Lisette Hilton is president of Words Come Alive, based in Boca Raton, Florida.
National report - Dermatologists and other trained medical professionals should oversee use of topical numbing creams, and should use only low concentrations for only short periods of time to ensure the safety of patients, say experts in the field and officials from the Food and Drug Administration (FDA).
But some dermatologists worry that recent FDA scrutiny of these creams may lead to regulation that will limit doctors' ability to provide painless treatments for some cosmetic conditions.
Both women reportedly suffered seizures, fell into comas, and then died from the toxic effects of the anesthetic drugs.
In both cases, the skin-deadening creams were compounded in pharmacies and contained high amounts of lidocaine and tetracaine.
The deaths were not the only red flags. The FDA also has received reports of serious and life-threatening side effects, such as irregular heartbeat, seizures and coma, as well as slowed or halted breathing following the use of these numbing products.
Topical anesthetics should be used under the direction of a dermatologist, the specialist best trained in their use, says William P. Coleman III, M.D., editor in chief, Dermatologic Surgery, and clinical professor of dermatology and adjunct professor of surgery (plastic surgery) at Tulane University Health Sciences Center, New Orleans.
"Systemic absorption is a real danger, as demonstrated by the recent reports of deaths in women using these compounds for laser hair removal," he says. "Compounded topical anesthetics are potentially more unpredictable since they have not been studied by the FDA, even though, clinically, they seem to work well in the hands of experienced dermatologists.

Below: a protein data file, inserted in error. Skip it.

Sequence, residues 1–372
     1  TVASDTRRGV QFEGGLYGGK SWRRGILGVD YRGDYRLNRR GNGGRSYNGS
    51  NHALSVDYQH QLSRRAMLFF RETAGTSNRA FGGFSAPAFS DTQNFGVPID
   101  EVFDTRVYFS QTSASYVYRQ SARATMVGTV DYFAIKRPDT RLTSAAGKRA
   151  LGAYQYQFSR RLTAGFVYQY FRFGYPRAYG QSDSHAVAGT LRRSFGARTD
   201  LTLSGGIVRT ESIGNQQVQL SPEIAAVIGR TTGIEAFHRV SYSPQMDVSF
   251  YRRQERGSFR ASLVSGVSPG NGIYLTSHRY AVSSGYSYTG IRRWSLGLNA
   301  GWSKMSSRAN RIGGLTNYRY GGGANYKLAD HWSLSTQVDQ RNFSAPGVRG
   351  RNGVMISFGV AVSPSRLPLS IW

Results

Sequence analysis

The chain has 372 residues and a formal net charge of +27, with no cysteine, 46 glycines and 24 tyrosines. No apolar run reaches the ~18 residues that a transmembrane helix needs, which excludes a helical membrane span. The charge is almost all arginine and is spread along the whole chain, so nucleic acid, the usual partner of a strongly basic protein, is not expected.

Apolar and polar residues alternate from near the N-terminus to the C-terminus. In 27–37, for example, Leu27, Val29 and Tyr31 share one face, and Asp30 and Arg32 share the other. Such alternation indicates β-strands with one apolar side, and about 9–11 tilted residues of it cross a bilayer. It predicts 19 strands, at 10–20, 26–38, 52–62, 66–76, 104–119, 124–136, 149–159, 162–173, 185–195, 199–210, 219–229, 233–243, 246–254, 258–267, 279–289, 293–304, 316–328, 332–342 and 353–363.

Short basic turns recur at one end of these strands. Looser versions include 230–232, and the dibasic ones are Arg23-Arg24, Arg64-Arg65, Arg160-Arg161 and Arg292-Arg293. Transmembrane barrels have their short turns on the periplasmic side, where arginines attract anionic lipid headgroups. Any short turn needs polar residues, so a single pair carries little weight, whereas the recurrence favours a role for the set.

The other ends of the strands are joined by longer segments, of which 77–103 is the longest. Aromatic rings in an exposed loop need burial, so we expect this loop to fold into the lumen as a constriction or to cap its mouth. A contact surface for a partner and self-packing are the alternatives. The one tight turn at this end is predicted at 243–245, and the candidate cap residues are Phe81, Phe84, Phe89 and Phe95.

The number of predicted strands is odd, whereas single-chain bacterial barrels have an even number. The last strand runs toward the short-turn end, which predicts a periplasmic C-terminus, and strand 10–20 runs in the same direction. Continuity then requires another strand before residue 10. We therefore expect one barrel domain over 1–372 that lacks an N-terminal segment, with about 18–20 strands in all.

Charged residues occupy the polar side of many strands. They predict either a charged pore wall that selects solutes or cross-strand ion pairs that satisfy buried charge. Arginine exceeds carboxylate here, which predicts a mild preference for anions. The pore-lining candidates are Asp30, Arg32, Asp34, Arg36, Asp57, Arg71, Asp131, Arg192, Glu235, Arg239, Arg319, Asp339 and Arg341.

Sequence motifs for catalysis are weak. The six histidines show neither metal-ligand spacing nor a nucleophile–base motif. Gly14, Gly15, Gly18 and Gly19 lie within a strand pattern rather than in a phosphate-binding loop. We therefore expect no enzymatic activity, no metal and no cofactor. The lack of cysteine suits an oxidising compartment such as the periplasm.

"Recent FDA interest in this area may lead to new rules on the use of these compounds, which are a valuable part of clinical practice," he says. "This could negatively impact dermatologists' abilities to deliver painless treatments."
Another issue: In one of the cases in which death occurred, the laser hair removal was performed in a spa, rather than in a doctor's office. The numbing cream was used improperly, says Bruce Katz, M.D., dermatologist and clinical professor at Mount Sinai School of Medicine, New York City.
"The woman went to a spa and was given a 10 percent lidocaine cream; (she) was told to go home, and on the day of the laser hair removal put it on her legs for about 30 minutes," Dr. Katz says. "The woman put it on with plastic wrap (she was also told to do that) and she left it on for about an hour, putting it all over her legs. She suffered lidocaine toxicity as a result, had a seizure and died.
"This was an improper use of the numbing cream. Laser hair removal is not so painful that it requires that high a potency of the active ingredient," he says.
The FDA says that use of numbing creams should come under the domain of trained medical professionals in doctors' offices to avoid misuse of the products.
Dermatologists would be hard-pressed to make patients' in-office cosmetic procedures as comfortable without the use of topical numbing creams, Dr. Katz says.